The city of Seattle wants to drag this thing out, to make it as painful and costly as possible for Bennett. Hopefully, they think, Bennett will sell the team to someone local and the Sonics will stay. Arrogance at its finest. As we say here in Oklahoma, “That ain’t happening.”
Talk about arrogance. Just remember that in a league where money easily trumps a 41-year history of fan loyalty, what goes around comes around.
And then there’s this thoughtful commentary from yet another KOKO sportscaster, who advises lifelong Seattle Sonics fans to just “deal with it.”
I am getting really tired of everyone else from Seattle crying about this move. If you really cared about the Sonics, then why didn’t you buy a ticket or even better yet approve payment on a new stadium?
One fact of life is that there are always consequences for your actions, and Seattle is now learning that lesson. But, so is OKC: It acted by supporting the Hornets. It acted by saying, “Sure, tax me,” to improve the Ford Center, and now they get the NBA.
Sorry, Seattle, but you had your chance and failed.
Now, we Okies get a shot to prove we really are a “Major League City” and can support an NBA franchise. Don’t worry, though: You still have the Seahawks and Mariners.
Yeah, well, I hope all you Okies enjoy paying a one-percent sales tax to build luxury boxes for the wealthy in your five year old Ford Center… a tax that will no doubt expire right around the time Bennett demands yet another new arena or renovation. Neeter, neeter, neeter.
Well, of course, she could win. Shit happens. Scandals. Wars. Terrorist attacks. Assassinations. But barring some paradigm-shifting calamity crushing Barack Obama’s presidential aspirations (or the man himself), Hillary Clinton just can’t win the Democratic nomination.
I know the Clinton fans at DL were cheered by her 9-point victory in Pennsylvania last night, but she can’t win. She can’t catch Obama in the pledged delegate count, and there is absolutely no indication that the remaining superdelegates will sharply break her way, nor any reason that they should. Two weeks from now, when the vote in North Carolina and Indiana is counted, Clinton will be further behind Obama in the delegate race than she was the morning before her big “victory” in Pennsylvania.
I’ve got nothing against Clinton. I like her. I’d enthusiastically support her should she win the nomination. But she can’t.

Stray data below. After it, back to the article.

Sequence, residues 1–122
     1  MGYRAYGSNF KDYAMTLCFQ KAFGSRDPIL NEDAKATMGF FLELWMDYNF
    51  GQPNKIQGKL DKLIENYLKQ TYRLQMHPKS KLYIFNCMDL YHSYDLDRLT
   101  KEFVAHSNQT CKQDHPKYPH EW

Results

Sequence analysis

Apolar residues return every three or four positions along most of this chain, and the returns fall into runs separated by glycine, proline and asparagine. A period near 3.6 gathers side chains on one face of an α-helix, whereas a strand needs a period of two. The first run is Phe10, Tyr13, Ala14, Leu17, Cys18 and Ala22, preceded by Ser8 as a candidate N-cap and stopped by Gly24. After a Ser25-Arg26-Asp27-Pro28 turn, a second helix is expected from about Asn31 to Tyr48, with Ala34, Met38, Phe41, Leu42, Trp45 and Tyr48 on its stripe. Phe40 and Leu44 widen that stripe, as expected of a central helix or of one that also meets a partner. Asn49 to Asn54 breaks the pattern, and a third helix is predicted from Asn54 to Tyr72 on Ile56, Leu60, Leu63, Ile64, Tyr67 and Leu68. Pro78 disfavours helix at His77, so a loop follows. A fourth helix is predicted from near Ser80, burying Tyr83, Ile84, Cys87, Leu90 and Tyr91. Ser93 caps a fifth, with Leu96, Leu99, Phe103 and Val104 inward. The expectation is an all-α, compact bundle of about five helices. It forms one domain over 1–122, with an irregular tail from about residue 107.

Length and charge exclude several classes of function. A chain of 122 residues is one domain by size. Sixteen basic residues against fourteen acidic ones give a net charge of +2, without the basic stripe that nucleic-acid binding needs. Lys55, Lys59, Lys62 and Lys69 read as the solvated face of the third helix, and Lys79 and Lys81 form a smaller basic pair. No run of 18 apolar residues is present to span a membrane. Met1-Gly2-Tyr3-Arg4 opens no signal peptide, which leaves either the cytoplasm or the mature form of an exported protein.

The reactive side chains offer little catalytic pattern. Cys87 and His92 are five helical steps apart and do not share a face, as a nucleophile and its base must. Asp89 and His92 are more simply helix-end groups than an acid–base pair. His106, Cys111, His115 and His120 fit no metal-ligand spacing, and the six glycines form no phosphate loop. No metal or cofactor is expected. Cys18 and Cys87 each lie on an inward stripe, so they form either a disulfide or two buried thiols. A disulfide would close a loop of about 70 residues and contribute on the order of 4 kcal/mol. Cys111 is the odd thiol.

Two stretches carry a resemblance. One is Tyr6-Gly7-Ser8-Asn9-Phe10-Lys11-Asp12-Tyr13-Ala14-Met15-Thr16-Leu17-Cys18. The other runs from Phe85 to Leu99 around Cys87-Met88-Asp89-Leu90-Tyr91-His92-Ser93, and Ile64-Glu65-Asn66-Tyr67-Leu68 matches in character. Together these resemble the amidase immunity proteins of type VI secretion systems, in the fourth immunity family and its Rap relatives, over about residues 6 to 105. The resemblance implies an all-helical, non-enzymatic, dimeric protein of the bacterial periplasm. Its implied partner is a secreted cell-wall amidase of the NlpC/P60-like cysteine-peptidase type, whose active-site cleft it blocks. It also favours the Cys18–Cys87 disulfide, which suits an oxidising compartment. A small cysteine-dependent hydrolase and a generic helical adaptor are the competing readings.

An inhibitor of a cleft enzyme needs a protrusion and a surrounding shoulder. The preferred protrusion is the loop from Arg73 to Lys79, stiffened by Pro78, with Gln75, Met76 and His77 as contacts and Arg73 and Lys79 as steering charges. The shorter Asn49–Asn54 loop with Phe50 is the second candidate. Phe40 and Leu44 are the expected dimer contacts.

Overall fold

So given reality, and given the need for Democrats to unite together behind a nominee sometime before the end of August, I’d really like the Hillary boosters here on HA to explain to me why the superdelegates shouldn’t just come out and do their job, and decide this thing once and for all for Obama?
Safeco has been a Seattle corporate icon since… well… almost since Seattle has had corporate icons. But no more:
Liberty Mutual will buy Safeco for $6.12 billion in a deal to create the country’s fifth-biggest property insurer. […] Both boards have approved the deal, and the sale is expected to close by the end of the third quarter pending shareholder and regulatory approval.
Of course, the companies don’t mention it in their press release, but no doubt there will be substantial job losses at Safeco’s former headquarters after the firms consolidate their operations. But you know, if wealthy board members can get even wealthier selling out, even at the expense of their loyal employees and the local community that has supported the company for 85 years, well, that’s capitalism.
So… how does “Liberty Mutual Field” roll off your lips?
Just before 10PM last night, on the final day of Pledge Week, a $100 contribution came in, just sliding the needle past our $6,000 target. A heartfelt thanks to all 119 contributors for your generosity and support.
When I announced the milestone at Drinking Liberally, a fellow blogger exclaimed that they thought I was smoking crack to set such an ambitious target, to which I replied that I wasn’t afraid to fail. Nothing ventured nothing gained, and all that. But I guess I also had faith that the HA community had my back. And you did. 119 donors contributed $6,015 dollars, at an average of over $50.00 per donation, a truly amazing show of support, and while some of the righties may have trouble understanding the sentiment, the simple fact that so many of my readers were willing to show their appreciation in such a generous manner is at least as gratifying as the money itself.
Of course, we didn’t quite reach our 150 donor target, so I’m going to leave up the pledge bar at the top of the right column a little while longer for those of you who still want to chip in five or ten bucks, but I’m done with the fundraising appeals for now. Your contributions have made it possible for me to continue my work improving and expanding HA, and that’s exactly what I’m going to get back to doing after a good night’s sleep. A lot of great new features are coming your way, and I can’t wait to get them out the door.
Again, thank you all for your generous support, and for making HA a regular part of your daily routine.
To the well-dressed but drunk-as-a-skunk Clinton supporter at the Montlake Ale House on Tuesday night:
Probably not a good idea to drunkenly berate people for not supporting you candidate. When you ask someone what they think is important in the election, and they answer “change,” it’s best not to treat that answer as an attack on your candidate. It implies that you know your candidate isn’t for “change,” which is bad because this is a change election. (At least, that’s what the dozens of talking heads have been saying.)
Personally, I’m mostly happy with either one. While I lean towards Obama, I’m no super fan, and I’m certainly not going to get hammered and yell at strangers at the bar for not supporting him.
I don’t think this extended contest is hurting the party, but it seems to be doing a number on the combatants.